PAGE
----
Jackson, who will turn 21 in September, is one of Memphis’ most important young building blocks, along with Ja Morant and Brandon Clarke. In his second NBA season, Jackson averaged 17.4 PPG, 4.6 RPG, and 1.6 BPG on .469/.394/.747 shooting in 57 games (28.5 MPG). He missed some time in February and March with a sprain to the same left knee that is now injured again.

Although Jackson is expected to make a full recovery, the injury is an unfortunate development for both him and the Grizzlies, who are clinging to the No. 8 spot in the Western Conference.

Having lost their first three games since play resumed this summer, the Grizzlies are now just two games ahead of the Trail Blazers and Spurs and 2.5 games up on New Orleans. Hanging onto that No. 8 spot – in the eight seeding games and possibly in a play-in tournament – will become an even greater challenge now that Memphis is missing its second-leading scorer.

With Jackson unavailable, the Grizzlies figure to lean more heavily on frontcourt rotation players like Clarke, Jonas Valanciunas, and Anthony Tolliver. Josh Jackson and Gorgui Dieng are among the bench players who should move up on the depth chart.

Jackson, meanwhile, will shift his focus to next season, when he’s under contract for $7.26MM. He’ll become eligible for a rookie scale extension during the 2021 offseason.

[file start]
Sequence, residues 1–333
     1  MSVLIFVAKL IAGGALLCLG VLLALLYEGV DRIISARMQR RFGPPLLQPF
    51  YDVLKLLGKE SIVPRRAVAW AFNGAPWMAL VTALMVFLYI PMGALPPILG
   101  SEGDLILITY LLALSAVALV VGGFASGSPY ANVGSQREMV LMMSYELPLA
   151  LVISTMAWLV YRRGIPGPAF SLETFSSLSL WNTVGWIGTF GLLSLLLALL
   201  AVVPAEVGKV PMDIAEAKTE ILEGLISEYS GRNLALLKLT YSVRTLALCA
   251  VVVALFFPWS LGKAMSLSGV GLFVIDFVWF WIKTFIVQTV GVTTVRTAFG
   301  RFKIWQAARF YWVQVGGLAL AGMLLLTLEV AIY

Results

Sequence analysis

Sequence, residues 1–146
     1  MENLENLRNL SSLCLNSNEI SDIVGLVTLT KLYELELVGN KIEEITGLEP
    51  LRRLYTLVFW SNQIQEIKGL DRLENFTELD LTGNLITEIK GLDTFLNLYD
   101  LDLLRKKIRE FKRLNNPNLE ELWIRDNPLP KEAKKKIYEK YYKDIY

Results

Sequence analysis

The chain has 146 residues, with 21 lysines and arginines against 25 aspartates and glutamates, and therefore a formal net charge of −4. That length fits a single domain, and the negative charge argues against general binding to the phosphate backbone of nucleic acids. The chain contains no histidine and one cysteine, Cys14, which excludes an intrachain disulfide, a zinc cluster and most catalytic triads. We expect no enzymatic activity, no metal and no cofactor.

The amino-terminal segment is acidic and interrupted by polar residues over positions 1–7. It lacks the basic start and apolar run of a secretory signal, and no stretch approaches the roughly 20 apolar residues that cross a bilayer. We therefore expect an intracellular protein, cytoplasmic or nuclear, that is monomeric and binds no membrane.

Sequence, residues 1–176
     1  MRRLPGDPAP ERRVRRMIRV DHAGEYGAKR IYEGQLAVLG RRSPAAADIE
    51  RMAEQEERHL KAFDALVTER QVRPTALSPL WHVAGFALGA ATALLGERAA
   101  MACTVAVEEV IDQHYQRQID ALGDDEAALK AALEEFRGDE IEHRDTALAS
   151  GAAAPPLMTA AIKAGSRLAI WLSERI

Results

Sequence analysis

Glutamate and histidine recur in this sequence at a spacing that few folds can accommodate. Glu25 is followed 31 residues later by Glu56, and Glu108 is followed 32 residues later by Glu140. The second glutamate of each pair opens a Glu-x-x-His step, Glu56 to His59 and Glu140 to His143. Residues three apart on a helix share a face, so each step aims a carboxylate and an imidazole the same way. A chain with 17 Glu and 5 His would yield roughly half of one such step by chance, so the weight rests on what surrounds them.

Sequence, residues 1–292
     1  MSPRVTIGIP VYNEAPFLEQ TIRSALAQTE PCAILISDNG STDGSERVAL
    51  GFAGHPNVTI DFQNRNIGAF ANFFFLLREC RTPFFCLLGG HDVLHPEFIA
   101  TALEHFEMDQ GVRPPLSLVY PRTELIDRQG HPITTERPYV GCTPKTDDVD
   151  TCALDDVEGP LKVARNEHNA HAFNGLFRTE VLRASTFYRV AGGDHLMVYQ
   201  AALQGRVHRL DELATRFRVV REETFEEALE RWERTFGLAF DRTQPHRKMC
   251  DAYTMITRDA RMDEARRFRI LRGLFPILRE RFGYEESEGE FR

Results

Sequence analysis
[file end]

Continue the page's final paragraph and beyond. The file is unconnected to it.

Photo courtesy of USA Today Sports Images.

Lou Williams Expected To Play In Restart; Beal Still Undecided

Seven players so far have opted out of the NBA’s restart this summer, but Clippers guard Lou Williams is unlikely to join that group. Despite previously expressing uncertainty about his status, Williams is expected to suit up for the Clippers as they pursue a title at Walt Disney World, head coach Doc Rivers said on Wednesday.

“As far as Lou, all indications (are) that yes, he is (playing),” Rivers said on a Zoom call, per Ohm Youngmisuk of ESPN.com. “Obviously, up until we get on the plane, anything can happen. But I do expect Lou to be with us. I would be very surprised if he’s not.”

Meanwhile, another high-scoring guard, Bradley Beal, remains uncertain about his status for Orlando, as Youngmisuk writes in a separate story. Beal’s teammate Davis Bertans has already pulled out due to injury concerns ahead of his upcoming free agency. Beal’s backcourt mate and fellow All-Star John Wall won’t be in attendance either, as he continues to focus on his Achilles rehab and a 2020/21 return.

According to Youngmisuk, Beal is considering health factors too as he weighs his options.

“I have yet to make (my decision),” Beal told reporters on Wednesday. “I am still working my tail off every single day as if I am playing. It is more or less a decision that will come down to the medical staff and coming back from zero to 100, and then I have some nagging stuff from the end of the year that we are trying to clean up, too. We are looking at it from all angles. I am definitely working out every single day here. It is good to be back in the facility. … I am not swayed one way or another.”